Sermon Notes for ROGATION SUNDAY, 6 May 2018 Anno Domini, St. Andrews Parish Church

Be ye does of the word, and not hearers only…”

James 1:22

We of faith in the Lord Jesus Christ are truly the sons and daughters of the Almighty God. There are merely two families only – that family of God, and the other which is the family of their father the devil. (John 8:44) If we were to fall asleep in death today, what would men find if they dug up our remains in five hundred years? They would find only dust. The dust could not be called American, Chinese, Korean, German, Japanese, or English dust – just dust. The body returns to the constituent elements of the soil once decay has taken its course. “And hath made of one blood all nations of men for to dwell on all the face of the earth, and hath determined the times before appointed, and the bounds of their habitation.” Acts 17:26 (KJV) But the spirit belongs to God.

 

Martin Luther referred to this book of the Bible (the Book of James) as ‘a right strawy epistle.’ He did so, I contend, because he misappropriated the Biblical principle of  man’s righteous response to God’s Grace. The principle of righteous works emanating from faith as a fruitful manifestation of faith itself is made abundantly clear by our Lord in the Gospel, perhaps nowhere more so than in His caution against our neglect of those in need. True it is that we sre not saved by good works, but we ARE saved UNTO good works.

“I was a stranger, and ye took me not in: naked, and ye clothed me not: sick, and in prison, and ye visited me not. Then shall they also answer him, saying, Lord, when saw we thee hungry, or athirst, or a stranger, or naked, or sick, or in prison, and did not minister unto thee? Then shall he answer them, saying, Verily I say unto you, Inasmuch as ye did it not to one of the least of these, ye did it not to me.”  [Matthew 25:43-45]

Jesus Christ was the greatest servant who ever lived. “For even the Son of Man did not come to be served, but to serve, and to give His life a ransom for many” (Mark_10:45). Christ came to serve and to give, and God desires the same for us. “And whosoever will be chief among you, let him be your servant: Even as the Son of Man came not to be ministered unto, but to minister” (Matthew_20:27-28).

Almost without exception Saint Paul began every one of his epistles with words to this effect: “Paul, a servant….” or “Paul, a bond slave….” He was indeed an apostle, but he conducted himself as a servant.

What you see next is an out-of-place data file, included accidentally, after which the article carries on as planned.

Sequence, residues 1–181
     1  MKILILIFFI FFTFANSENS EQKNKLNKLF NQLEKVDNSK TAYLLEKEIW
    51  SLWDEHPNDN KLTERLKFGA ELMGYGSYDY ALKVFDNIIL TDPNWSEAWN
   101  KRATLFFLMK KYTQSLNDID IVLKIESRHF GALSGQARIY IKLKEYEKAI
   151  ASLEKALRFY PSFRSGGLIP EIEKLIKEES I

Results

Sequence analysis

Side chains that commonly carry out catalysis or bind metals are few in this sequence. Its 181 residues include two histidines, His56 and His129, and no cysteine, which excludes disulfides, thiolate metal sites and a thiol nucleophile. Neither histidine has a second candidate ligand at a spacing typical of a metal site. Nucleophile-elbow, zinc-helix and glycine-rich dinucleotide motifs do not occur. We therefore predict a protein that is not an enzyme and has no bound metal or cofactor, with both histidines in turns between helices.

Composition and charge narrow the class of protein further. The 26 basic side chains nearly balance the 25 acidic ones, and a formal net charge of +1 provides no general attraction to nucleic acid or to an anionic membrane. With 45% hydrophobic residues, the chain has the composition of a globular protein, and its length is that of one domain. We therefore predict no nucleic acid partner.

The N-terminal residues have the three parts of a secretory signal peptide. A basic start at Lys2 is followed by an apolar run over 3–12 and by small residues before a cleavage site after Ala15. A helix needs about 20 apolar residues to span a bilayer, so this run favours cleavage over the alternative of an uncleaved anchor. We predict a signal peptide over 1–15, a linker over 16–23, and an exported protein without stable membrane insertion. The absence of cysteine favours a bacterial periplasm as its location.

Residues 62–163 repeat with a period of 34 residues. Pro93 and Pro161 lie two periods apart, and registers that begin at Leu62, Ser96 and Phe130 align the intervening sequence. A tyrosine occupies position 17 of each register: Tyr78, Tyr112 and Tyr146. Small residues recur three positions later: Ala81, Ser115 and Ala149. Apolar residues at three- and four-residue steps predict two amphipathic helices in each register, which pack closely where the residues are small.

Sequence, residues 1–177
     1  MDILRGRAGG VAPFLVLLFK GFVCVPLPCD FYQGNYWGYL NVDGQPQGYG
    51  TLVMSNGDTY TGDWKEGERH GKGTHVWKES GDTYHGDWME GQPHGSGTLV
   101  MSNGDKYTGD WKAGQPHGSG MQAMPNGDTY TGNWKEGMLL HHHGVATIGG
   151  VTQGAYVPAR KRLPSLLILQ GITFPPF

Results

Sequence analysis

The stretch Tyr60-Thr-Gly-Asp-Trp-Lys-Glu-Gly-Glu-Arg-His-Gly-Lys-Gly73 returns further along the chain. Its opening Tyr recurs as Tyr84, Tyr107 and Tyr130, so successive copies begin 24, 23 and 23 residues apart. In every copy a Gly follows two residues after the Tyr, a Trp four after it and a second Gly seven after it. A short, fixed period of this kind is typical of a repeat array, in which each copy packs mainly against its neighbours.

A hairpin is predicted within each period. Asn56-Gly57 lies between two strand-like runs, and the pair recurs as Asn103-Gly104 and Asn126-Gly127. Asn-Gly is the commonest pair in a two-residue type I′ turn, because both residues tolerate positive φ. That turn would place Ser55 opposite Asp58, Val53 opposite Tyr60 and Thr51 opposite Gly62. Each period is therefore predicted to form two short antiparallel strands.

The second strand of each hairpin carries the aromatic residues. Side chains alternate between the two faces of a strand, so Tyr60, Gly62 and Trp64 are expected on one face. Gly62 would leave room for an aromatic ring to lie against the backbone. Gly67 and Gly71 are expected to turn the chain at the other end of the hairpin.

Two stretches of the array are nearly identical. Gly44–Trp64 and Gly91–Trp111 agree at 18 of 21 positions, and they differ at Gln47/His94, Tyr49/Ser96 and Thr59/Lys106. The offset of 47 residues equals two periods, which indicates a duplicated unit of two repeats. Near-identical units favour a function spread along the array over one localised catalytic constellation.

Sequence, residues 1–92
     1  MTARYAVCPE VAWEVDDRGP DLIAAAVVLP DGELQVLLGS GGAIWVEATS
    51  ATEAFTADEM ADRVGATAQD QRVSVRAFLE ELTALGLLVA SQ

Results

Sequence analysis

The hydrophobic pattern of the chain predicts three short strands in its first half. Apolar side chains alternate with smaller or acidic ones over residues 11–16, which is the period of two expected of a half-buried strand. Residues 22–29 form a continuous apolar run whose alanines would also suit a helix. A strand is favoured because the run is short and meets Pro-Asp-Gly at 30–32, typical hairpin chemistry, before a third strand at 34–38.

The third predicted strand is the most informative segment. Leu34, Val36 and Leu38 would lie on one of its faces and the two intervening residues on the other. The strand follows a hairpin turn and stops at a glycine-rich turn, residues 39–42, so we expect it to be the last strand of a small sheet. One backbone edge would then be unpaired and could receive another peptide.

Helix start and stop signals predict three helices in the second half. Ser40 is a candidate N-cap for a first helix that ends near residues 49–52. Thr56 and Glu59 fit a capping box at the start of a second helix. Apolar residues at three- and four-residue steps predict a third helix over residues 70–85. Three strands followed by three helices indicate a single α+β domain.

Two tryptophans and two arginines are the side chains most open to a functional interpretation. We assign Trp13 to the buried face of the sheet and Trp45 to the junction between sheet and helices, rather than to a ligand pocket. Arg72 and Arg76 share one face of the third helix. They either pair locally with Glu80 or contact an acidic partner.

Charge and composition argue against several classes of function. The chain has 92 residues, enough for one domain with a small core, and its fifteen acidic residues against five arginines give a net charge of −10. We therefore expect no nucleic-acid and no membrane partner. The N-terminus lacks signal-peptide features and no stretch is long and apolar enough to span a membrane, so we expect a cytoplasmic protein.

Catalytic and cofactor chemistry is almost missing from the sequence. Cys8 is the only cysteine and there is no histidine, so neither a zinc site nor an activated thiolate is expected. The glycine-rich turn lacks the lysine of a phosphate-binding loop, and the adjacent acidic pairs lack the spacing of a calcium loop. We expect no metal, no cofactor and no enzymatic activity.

“Notwithstanding, very few of us want to be known exclusively as a servant. We want to be known as a servant and a great preacher, or a famous missionary, or an outstanding elder, or a well-known business man. What we fail to realize is that true servanthood does not have hidden aspirations to be great in the eyes of men.

When we think of our relationship to Jesus Christ, can it be said of us that we want only to serve Him? “O God, help me to be the master of myself, that I may be a servant of others.” [E-sword]

“When the American evangelist J. Wilbur Chapman was in London, he had an opportunity to meet General Booth, who at that time was past 80 years of age. Dr. Chapman listened reverently as the old general spoke of the trials and the conflicts and the victories he had experienced. The American evangelist then asked the general if he would disclose his secret for success. “He hesitated a second,” Dr. Chapman said, “and I saw the tears come into his eyes and steal down his cheeks,” and then he said, “I will tell you the secret. God has had all there was of me. There have been men with greater brains than I, men with greater opportunities; but from the day I got the poor of London on my heart, and a vision of what Jesus Christ could do with the poor of London, I made up my mind that He would have all of William Booth there was. And if there is anything of power in the Salvation Army today, it is because God has all the adoration of my heart, all the power of my will, and all the influence of my life.” Dr. Chapman said he went away from that meeting with General Booth knowing “that the greatness of a man’s power is the measure of his surrender.” [E-sword]

In this great season of Rogationtide we both petition the Almighty against the harvest, given now at seed time, and prepare for a right and holy remembrance of our Lord’s glorious Ascension into Heaven.

In times past our forbearers made great pomp and circumstance in the keeping of these Rogation days: walking the parish bounds while offering up Litanies and rogations [prayers of petition and intercession].

The essence of the teaching behind it all is summed up in the three sermons from the Book of Homilies and an Exhortation for the same. The Homilies of the Church of England speak of three ways in which we ought to view our relationship with God in this season of planting:                                                                         [1] First that we recognize God’s hand in Creation. In the first quarter of the last century Christians were faced with refuting the Darwinian theory of Evolution which contradicted the Bible. The theory became the secular, therefore godless standard, promoted in the schools and eventually, although NEVER proven, accepted almost universally as absolute truth.